Today’s post is a follow-up to the post Darla wrote a few weeks ago titled “To Fix Problems, Stop Admiring Them.” As always, she comes through with some spot-on insight and strategies for changing our thinking.
In a recent blog, we talked about how we are quite accomplished at talking about and bonding with others about problems and, yes, dramatically complaining about our problems to willing listeners. Problem focus just might be the lowest common denominator of communication and certainly plays key role in how we manage emotional eating.
Today I want to talk more about how to move away from admiring problems with the creative process of reframing. Reframes allow us to move from a place of external locus of control (i.e., it just happens to me) to internal locus of control (i.e., I ‘m in charge of my thoughts and behaviors).
Creatively reframing our self-talk
Consider this well-practiced and familiar external locus of control way of thinking.
My problem is:
- Everyone takes advantage of me.
- People offer me sweets when they know I’m trying to avoid them.
- My problem is: My SO brings food into the house that I can’t resist.
Or how about this twist — external locus of control thoughts about the things people around you don’t do but you think they should do?
My problem is:
- No one asks me my preferences.
- My SO is unconcerned about my feelings.
- No one at work asks me to join them for lunch.
Fill in the sentences with your own familiar self-talk to quickly see how miserable you can make yourself feel. Writing them down can help you see what you might habitually be thinking below your level of awareness. These thoughts run along well-grooved neural pathways without conscious effort. Reframing helps you put up road blocks to interrupt external locus of control self-talk and move towards internal locus of control empowered self-talk.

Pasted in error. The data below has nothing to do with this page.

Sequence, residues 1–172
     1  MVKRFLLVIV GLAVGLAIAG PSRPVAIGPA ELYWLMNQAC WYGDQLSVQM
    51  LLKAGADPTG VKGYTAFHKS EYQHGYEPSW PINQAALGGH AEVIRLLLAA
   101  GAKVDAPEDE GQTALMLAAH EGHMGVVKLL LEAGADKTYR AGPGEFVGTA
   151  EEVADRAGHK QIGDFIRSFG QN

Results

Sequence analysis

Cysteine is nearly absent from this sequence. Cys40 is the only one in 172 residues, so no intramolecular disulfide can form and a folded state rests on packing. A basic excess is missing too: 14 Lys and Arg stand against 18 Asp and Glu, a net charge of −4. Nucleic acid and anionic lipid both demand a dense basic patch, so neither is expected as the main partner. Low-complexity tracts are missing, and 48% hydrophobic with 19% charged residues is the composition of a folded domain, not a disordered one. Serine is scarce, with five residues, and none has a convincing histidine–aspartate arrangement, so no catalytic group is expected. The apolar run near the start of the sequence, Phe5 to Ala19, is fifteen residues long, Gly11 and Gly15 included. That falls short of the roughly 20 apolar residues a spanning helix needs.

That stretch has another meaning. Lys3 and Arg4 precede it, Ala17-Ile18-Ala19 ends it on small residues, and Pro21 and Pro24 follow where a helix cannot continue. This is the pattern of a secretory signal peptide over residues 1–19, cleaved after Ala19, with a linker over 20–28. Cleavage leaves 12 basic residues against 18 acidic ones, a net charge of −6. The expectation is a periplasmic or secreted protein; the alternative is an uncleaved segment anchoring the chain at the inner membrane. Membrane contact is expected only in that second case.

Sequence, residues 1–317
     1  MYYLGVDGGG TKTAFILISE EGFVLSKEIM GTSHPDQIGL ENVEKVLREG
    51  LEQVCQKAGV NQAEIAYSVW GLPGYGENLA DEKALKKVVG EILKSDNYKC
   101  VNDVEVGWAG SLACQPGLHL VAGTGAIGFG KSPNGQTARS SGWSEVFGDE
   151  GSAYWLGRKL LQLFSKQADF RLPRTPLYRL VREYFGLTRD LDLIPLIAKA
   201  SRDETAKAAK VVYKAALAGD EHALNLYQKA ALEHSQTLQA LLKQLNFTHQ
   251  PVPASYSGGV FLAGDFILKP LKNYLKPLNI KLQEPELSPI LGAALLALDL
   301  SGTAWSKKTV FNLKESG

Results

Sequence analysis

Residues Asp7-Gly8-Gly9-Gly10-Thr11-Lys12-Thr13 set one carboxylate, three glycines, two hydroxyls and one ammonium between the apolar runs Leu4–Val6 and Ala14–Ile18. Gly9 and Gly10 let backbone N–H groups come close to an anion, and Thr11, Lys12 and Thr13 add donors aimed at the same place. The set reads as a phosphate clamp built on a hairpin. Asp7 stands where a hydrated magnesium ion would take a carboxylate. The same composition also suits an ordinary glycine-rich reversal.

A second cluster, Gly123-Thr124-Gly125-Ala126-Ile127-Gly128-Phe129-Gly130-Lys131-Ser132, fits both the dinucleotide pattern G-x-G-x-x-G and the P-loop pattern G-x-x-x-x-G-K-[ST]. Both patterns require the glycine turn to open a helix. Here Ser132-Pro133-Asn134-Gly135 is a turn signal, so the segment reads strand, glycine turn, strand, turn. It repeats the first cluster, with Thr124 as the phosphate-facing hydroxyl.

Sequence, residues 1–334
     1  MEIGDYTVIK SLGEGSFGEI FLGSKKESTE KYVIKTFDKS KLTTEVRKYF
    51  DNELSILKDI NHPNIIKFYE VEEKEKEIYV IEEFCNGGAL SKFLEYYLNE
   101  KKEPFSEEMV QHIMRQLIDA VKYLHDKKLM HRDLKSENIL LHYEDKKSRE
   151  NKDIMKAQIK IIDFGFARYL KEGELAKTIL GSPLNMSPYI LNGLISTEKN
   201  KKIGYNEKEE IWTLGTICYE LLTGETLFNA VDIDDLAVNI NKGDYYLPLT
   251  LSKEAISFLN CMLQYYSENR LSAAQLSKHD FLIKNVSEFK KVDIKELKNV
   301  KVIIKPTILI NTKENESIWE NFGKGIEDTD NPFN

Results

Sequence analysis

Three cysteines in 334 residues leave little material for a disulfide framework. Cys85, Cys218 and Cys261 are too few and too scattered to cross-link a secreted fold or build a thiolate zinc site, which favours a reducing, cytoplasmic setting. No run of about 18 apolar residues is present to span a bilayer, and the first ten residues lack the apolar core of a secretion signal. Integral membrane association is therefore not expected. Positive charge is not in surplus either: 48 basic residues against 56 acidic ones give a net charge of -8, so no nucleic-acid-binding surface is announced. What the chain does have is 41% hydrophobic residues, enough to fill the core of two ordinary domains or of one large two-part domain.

Reframing with Personal Empowerment We frame our problems with words. So let’s choose to frame them with personal empowerment words using internal locus of control.
My problem is: Everyone takes advantage of me.
My reframe is:
- I keep saying yes when I need to say no.
- I give people the impression that I’m okay with their requests.
- I let other people decide for me rather than making a decision myself.
My problem is: People offer me sweets when they know I’m trying to avoid them.
My reframe is:
- I expect others to help me control my behavior.
- I’ve taught others that I’ll accept what they offer me.
- I expect others to change so that I don’t have to.
Important: Our reframes need to feel just right to us – like taking off an uncomfortable pair of shoes and slipping into a pair of cozy slippers. The key to effective reframes is to find, well, the key to opening a door for problem solving instead of taking the easy way out and blaming others for our dissatisfaction. So, these need to be “I” statements. When we’ve got a problem, we’re part of the solution. Entertain your mind by the challenge of finding language that puts you in the driver’s seat to help you achieve your goals, whether they be getting your dream job or managing binge eating.
Got a problem? Let’s hear it and then see the reframe.